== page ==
Depending on the medium that your customer service representatives are communicating with your customer through (e.g., live chat, phone, or email) will determine the best practices for listening. Active listening can take some practice, but giving your customer your complete attention is a great place to start.
5. Time management skills
Time management skill is a hugely important customer service skill. As the customer service tickets start to roll in, it can feel pretty overwhelming.
Karen in Atlanta needs help with a credit card payment.
Ryan in Los Angeles has a question about a feature.
Jade in Minneapolis would like an update on their order status.
It’s a lot to keep track of, that’s for sure. That’s where the ability to prioritize tickets comes into play.
Depending on your organization, a triage system—or a way your team can quickly spot the tickets that should be addressed first based on urgency or importance—may be the best route. Putting a triage system in place can help your team focus on those high importance tickets as they come in. That way, there’s no scrambling to address tickets that are more emergent than others, which saves you tons of time (and stress).
Assigning the right tickets to the right team members can help you stay organized and on top of customer requests. Keeping lets users mark tickets as Open or Closed, so there’s no confusion over the status of a ticket. You never need worry about your team forgetting tickets again.
Put time management skills into practice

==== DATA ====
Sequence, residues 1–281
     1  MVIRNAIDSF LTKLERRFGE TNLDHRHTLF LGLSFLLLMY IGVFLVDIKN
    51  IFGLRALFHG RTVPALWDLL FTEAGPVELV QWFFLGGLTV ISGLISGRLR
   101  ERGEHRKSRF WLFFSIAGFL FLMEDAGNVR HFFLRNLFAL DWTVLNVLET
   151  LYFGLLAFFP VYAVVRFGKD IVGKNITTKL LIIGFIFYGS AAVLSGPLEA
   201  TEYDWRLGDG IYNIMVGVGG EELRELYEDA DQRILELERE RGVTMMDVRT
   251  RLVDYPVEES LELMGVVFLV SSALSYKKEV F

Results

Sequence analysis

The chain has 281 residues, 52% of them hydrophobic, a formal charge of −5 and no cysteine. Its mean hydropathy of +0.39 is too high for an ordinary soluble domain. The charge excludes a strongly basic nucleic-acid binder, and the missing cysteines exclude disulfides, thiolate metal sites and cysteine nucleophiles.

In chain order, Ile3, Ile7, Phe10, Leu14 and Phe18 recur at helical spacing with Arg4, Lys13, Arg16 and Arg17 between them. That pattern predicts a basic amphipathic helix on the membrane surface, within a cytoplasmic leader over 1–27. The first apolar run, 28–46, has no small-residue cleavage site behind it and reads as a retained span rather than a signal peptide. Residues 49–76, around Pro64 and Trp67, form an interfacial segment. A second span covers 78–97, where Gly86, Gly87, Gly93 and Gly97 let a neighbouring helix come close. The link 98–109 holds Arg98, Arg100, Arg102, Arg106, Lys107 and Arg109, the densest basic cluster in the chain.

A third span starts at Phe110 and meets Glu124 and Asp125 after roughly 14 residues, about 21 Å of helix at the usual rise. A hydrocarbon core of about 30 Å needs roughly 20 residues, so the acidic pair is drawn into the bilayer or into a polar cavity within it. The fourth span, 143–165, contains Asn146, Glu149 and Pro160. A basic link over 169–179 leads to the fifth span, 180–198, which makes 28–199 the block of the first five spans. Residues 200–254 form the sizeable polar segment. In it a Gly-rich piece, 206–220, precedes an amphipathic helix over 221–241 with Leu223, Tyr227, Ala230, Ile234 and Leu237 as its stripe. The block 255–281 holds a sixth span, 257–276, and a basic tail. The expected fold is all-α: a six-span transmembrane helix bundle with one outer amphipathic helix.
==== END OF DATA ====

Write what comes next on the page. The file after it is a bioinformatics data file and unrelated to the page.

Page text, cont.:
Managing your time is a critical part of successful customer service. Without having a solid grasp on how long tickets may take to solve or failing to be prepared with a solution can quickly lead to overwhelm.
Keeping users can assign other team members to customer conversations with just a few clicks. That way, you can make sure you’re working through tickets but not overwhelming your team.
Triaging customer service requests can make a world of difference in your inbox when you’re trying to sort through tickets. Being able to see which CS team members are more bogged down than others can also help you delegate tickets.
For the tickets that take longer to work through or involve more than just you and your customer, offer to follow up with them once you have a solution. This frees you up to work on other tickets while keeping customers in the loop on your progress.
6. Positive attitude
Working with customers who only contact you when experiencing an issue can be taxing. You’re human! It’s only natural to feel bogged down at some point, especially when dealing with customers who might be upset or unhappy. It’s a little bit difficult to think of an attitude as a customer service skill, but as with anything, it can be practiced.
A positive attitude is just that—choosing to be positive despite the circumstances. Sometimes maintaining a positive attitude, especially when faced with frustrated or demanding customers, can be pretty tricky.
But remaining positive, even when you’re feeling quite the opposite, is essential. Not only can your customers immediately tell, but it will impact how you handle other tickets. Not to mention, who wants to spend their day being a Debbie Downer?